Monday, September 19, 2016

A fire broke out

A fire broke out at 11:38 this morning underneath the 138th Street Railroad Bridge and ClockTowerTenants was there. I shot this (above) from my window. There were no injuries, but the flames licked 50 feet high at their peak and thick, black smoke blanketed the upper Manhattan landscape.

In this aerial view, the wooden fender island that burned is seen clearly, just south of the bridge.
Early speculation on the Third Avenue Bridge (from where these first few photos were taken) was that a barge or some other vessel was aflame. Later in the day officials suggested that the fire might have resulted from a blown transformer at the base of the bridge. To this observer, it appeared the fender-island itself was aflame. At present the official cause is still unknown, but the fire was quite spectacular.

After watching from the Third Avenue Bridge, I left that perch and bicycled around to the foot of Park Avenue.

There, both firefighters in trucks and the locals took photos and joked that the firetrucks couldn’t even get close.

The rail bridge was closed and so there was no way to get across the Deegan.

Both military…. 
….and city government helicopters were on the scene….
…... radioing ahead for a NYC Fireboat.
It appeared the creosote-soaked wooden pilings that form the perimeter of the fender-island provided the primary fuel.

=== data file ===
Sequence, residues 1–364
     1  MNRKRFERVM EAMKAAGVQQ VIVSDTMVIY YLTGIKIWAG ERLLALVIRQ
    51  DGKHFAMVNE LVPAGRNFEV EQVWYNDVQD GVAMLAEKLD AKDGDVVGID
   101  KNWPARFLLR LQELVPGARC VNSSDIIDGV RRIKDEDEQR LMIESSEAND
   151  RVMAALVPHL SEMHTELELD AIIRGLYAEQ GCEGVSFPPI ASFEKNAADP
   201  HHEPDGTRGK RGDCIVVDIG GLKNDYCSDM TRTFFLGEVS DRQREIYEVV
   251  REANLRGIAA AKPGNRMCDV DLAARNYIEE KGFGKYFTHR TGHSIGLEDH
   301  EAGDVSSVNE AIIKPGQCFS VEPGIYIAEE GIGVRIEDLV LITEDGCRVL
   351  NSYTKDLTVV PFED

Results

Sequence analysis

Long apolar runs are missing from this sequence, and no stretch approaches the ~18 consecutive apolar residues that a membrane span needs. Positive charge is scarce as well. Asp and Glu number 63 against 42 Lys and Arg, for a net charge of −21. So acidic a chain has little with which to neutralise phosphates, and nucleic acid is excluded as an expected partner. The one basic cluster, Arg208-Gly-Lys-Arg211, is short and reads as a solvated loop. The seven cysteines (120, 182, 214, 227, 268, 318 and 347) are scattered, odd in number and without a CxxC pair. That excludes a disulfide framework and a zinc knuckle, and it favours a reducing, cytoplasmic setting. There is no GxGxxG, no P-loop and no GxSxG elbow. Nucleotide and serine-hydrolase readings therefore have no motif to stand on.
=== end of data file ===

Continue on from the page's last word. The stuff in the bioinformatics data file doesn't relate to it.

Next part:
That wood protects the bridge foundation from iceflows in winter and impacts from river vessels year round. I decided to ride on ahead and take a look from the 138th Street bridge.

The Police set up a temporary perimieter….

And perhaps 20 minutes later, the fireboat arrived….

…..and immediately demonstrated how effective and useful these firefighting tools really are.

The boat started its pumps to cycle river water through its hoses and the prodigious onslaught of water almost immediately turned the tide of the fire. 

Within minutes it was all steam and white smoke, a sign the worst was behind us.

From the NYTimes:
The bridge, built of steel and reinforced concrete, was constructed in the mid-1950s by the New York Central Railroad, and was intended to also serve trains from the New York, New Haven and Hartford Railroad. It was the third such railroad bridge to be built on the site, which has been used to bring trains in and out of Manhattan since the Civil War era.

1 comment:

  1. A CH-46, huh? Interesting bit. It made a powerful wock-wock-wock sound flying by. I'd imagine Monday's fire gave Homeland Security a busy afternoon.